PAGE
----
During days 3-5, while students are completing asynchronous activities, teachers and teaching teams should prepare for the next five days of school which will be conducted online using any of the modes described above. A subgroup of leaders at the school should offer technical and instructional support while those preparations are being made.
Heading into the next five school days, administrators and team leaders should plan on communicating with audio and video to their constituents (broadcast for the largest groups like the full school community and video conference meetings for faculty groups and teams). This will likely be a line-in-the-sand moment for your community—the time when you acknowledge that school as you know it will be different for some time to come.
Phase 2: The next 5 school days
Goal: Use these 5 days to help your community get used to connecting to one another and engaging with relevant work with a focus on access to materials, connecting at the class or team level, and getting used to a new daily routine.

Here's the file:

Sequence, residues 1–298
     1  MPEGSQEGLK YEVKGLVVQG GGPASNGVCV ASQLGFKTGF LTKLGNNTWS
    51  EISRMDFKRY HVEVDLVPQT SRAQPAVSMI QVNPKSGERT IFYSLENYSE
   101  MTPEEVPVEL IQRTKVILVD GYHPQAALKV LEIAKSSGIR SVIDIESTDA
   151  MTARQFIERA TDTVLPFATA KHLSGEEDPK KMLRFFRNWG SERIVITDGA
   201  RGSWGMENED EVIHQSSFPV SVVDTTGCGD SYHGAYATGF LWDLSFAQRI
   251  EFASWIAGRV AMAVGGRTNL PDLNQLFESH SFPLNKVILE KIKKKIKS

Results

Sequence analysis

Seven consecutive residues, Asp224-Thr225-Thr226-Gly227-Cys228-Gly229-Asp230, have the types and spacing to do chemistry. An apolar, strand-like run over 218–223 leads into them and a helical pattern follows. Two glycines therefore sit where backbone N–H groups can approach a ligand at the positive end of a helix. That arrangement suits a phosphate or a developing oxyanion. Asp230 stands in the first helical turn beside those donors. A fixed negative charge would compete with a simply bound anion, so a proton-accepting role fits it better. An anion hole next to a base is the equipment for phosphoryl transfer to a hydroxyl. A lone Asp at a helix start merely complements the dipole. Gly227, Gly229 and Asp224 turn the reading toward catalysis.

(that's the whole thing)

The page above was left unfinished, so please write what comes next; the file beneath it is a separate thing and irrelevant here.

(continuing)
Even though you won’t be able to stand in a room with them at this point, people—students, faculty, families—will be craving connection and routine.
There should be at least one or two community-wide broadcasts or video messages by the school leadership during this time. Faculty group and team leaders should plan to have more frequent touchpoints with their groups. Think back to keeping your house in order, but instead of thinking solely about digital space (as we suggested earlier), think now about time in general and cadence, routine, or ritual in particular.
It might be helpful to use a regular school schedule to follow so that students—and especially families of younger students—can plan on what to work on during the day. Some teachers will plan synchronous meetings and others will plan asynchronous activities.